Coinbase has just announced that they are now accepting investments into their new index fund product. The fund offers exposure to Bitcoin, Ethereum, Ethereum Classic, Litecoin, and Bitcoin Cash. This announcement comes hot on the heels of the the announcement yesterday that the company would begin to support Ethereum Classic soon. Each asset will be present in the fund in a proportion that represents their market caps. The only problems? Only the rich can participate, and the fees are crazy high.

Coinbase Index Fund

The Coinbase Index Fund

At first glance, it seems a bit odd to call this an “index fund” at all. That’s because traditionally, index funds are ETF’s that represent many hundreds of individual investments like the stocks of different companies. Usually, ETF’s are made up of 100 or more individual assets. The Coinbase index fund, on the other hand, only consists of five.

With that aside, the fund is part of a relatively new service offered by Coinbase under its asset management arm.

The idea behind the business arm is to offer ways for institutional investors to get access to cryptocurrency where they otherwise would be unable to either out of fear or out of uncertain legal compliance. By investing in a fund offered by someone else, they reduce their risk and increase their appearance of legal compliance.

This fund is not without its flaws, however.

Only the Rich (and US-Resident) May Apply

One glaring issue that appears immediately when reviewing the announcement post written by the portfolio manager, Reuben Bramanathan, is that potential investors must hit three very high and stringent minimums. Those include that the investor be a US resident, that they are accredited, and that they can put up a minimum investment of $250,000.

Anyone who can invest $250,000 into a single investment is already rich. But not only is the minimum incredibly high, but you also need to be “accredited”. The mention of this requirement on the sign-up page links to an SEC website, investor.gov. This site states that in order to qualify as accredited, you must either have an income of $200,000 or more as an individual for the past two years and expect that to continue, or you must have a net worth of over $1 million, not including the value of your primary residence or house. Needless to say, meeting these requirements would easily put you in the top 1% of earners.

One final potential negative to consider is that the fund charges a high fee of 2% per year. This is high because if you compare this to an established index fund provider like Vanguard, such as their popular Vanguard Total Stock Market Index Fund, you could expect to pay 0.04% as a fund expense fee. As you can see, 2% is drastically higher in comparison and should be taken into consideration for those wealthy enough to even be able to consider the Coinbase fund.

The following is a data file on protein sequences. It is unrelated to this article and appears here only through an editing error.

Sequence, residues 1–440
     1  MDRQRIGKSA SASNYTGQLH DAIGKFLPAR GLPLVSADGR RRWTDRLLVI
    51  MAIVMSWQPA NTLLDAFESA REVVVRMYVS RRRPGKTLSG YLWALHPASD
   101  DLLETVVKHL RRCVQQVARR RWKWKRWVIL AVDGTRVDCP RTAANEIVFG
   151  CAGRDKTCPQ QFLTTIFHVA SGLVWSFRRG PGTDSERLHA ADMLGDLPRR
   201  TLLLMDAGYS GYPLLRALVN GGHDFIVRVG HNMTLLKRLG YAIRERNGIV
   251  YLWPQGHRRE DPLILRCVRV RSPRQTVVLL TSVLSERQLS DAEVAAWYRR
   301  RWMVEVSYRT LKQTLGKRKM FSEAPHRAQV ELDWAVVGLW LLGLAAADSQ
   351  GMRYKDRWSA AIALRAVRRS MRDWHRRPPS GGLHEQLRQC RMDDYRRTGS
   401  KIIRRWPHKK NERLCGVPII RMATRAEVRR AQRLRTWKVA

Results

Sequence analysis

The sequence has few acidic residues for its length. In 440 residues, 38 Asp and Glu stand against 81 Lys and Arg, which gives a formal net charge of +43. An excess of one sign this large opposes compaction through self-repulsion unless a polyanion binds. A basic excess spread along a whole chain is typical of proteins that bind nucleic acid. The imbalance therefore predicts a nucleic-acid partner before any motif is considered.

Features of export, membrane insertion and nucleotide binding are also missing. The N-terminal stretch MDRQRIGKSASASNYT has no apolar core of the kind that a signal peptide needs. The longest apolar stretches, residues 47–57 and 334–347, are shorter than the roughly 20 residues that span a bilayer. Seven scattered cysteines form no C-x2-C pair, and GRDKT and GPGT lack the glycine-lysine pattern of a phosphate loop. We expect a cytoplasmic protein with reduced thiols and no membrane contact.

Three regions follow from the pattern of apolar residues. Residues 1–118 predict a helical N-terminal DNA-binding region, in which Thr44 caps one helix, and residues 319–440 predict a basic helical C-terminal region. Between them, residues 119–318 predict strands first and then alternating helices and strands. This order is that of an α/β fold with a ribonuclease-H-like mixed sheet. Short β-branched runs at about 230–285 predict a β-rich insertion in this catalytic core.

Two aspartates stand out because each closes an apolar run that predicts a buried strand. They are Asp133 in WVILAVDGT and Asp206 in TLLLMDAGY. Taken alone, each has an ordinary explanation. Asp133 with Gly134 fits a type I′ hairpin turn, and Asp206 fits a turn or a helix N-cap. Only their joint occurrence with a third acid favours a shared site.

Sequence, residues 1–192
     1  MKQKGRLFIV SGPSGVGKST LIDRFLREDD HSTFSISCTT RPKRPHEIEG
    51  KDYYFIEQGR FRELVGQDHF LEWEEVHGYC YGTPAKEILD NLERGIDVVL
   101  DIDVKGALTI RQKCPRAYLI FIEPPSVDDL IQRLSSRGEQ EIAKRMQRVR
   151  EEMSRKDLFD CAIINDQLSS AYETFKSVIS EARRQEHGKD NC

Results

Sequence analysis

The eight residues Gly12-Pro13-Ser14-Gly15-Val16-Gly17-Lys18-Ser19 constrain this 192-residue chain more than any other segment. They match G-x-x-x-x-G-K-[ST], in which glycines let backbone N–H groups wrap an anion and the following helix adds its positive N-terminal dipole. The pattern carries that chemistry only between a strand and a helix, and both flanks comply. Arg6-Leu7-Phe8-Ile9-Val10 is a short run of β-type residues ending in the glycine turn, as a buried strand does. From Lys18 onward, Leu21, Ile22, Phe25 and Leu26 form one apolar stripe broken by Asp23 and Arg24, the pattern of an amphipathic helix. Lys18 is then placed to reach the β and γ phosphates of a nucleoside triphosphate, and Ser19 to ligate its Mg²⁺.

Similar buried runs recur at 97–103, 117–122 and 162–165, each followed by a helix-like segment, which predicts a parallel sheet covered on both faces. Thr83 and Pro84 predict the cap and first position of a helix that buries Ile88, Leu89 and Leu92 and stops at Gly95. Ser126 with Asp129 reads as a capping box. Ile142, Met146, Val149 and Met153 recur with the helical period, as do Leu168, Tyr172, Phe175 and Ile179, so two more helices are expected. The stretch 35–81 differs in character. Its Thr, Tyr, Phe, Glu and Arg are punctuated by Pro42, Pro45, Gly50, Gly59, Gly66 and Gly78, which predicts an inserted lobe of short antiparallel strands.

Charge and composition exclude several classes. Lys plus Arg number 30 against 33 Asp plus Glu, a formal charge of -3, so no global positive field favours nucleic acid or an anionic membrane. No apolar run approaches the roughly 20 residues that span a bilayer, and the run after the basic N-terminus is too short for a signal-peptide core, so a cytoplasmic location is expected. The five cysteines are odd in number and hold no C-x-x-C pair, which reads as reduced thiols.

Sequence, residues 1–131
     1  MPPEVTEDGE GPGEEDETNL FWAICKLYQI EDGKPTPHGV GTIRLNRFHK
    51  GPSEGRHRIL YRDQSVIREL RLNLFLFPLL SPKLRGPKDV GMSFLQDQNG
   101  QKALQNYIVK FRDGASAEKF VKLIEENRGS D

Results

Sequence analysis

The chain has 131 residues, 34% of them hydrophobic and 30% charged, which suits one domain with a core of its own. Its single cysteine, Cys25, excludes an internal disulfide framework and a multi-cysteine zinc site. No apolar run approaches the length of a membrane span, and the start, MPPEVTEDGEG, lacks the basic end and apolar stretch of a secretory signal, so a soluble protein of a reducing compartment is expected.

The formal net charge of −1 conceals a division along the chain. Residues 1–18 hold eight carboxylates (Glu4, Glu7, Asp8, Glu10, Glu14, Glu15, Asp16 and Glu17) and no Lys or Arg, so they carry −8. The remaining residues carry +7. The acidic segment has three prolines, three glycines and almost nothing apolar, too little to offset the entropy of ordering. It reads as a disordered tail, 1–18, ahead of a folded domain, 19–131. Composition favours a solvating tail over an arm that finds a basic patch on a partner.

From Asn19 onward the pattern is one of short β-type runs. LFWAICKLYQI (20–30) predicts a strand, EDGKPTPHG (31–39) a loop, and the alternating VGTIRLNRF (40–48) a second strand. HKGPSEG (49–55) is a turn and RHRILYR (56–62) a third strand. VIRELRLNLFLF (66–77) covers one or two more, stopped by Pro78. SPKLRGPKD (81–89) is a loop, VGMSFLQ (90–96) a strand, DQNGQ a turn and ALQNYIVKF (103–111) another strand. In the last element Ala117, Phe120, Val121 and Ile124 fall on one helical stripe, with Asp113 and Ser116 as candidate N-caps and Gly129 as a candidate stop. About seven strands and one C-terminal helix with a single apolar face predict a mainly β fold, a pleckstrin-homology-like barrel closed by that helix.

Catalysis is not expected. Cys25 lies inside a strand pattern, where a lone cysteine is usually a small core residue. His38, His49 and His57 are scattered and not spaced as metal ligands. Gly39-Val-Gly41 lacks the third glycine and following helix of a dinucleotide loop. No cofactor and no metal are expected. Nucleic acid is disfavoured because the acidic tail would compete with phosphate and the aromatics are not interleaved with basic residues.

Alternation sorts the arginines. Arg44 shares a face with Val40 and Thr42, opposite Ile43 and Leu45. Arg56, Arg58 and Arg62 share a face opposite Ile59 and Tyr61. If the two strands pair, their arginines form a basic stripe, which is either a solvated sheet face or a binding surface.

Individual Investors Free to Duplicate the Fund

Let’s say that for whatever reason, you are a normal individual investor, are not accredited, or not a US resident, but you still want to have access to this type of investment structure. Lucky for you, as this index fund is quite small in terms of the number of assets it offers, it should be quite easy to replicate this fund on a smaller scale yourself. That being, one could buy the five assets in a portfolio of any size, but maintain the exact percentage of holdings as Coinbase lists in their fund.


Composition of the Coinbase Index Fund

Even if you are eligible to purchase from the Coinbase fund, there could be a number of advantages in doing it on your own.

First, if you intend to hold the investment for several years, the fees would likely be much lower if you did it yourself. Even if you have to buy your assets from Coinbase and pay a fee for doing so, that would just be a one-time fee and not a recurring annual percentage-based fee.

Second, if you decide to run this fund yourself, you can do so while still maintaining total control of all of the assets within the fund. If security is a concern, all five of those assets are compatible with hardware wallets. This means you could set up the wallet, buy and transfer the funds and then forget about them until you’re ready to cash in.

Is an Index Fund the Right Approach for Crypto?

To sum it all up, Coinbase offering its index fund is interesting in that it could allow for a very specific set of investors to get into crypto that otherwise might have not been able or willing to get in.

But is an indexed approach the right way to invest in crypto? In the end, that’s up to the individual investor to decide. For some people, perhaps a hybrid approach of investing in an index like this (run by yourself or someone else) and then keeping your eyes and ears open for other interesting crypto opportunities could yield the best results. Or, perhaps just sticking with the blue chips of the space would net you better results. No matter what you decide to do, just make sure you know what you are doing and can tolerate the losses that could come from it.


Posted by Robert Devoe

Robert is News Editor at Blockonomi. A true believer in the freedom, privacy, and independence of the future digital economy, he has been involved in the cryptocurrency scene for years.

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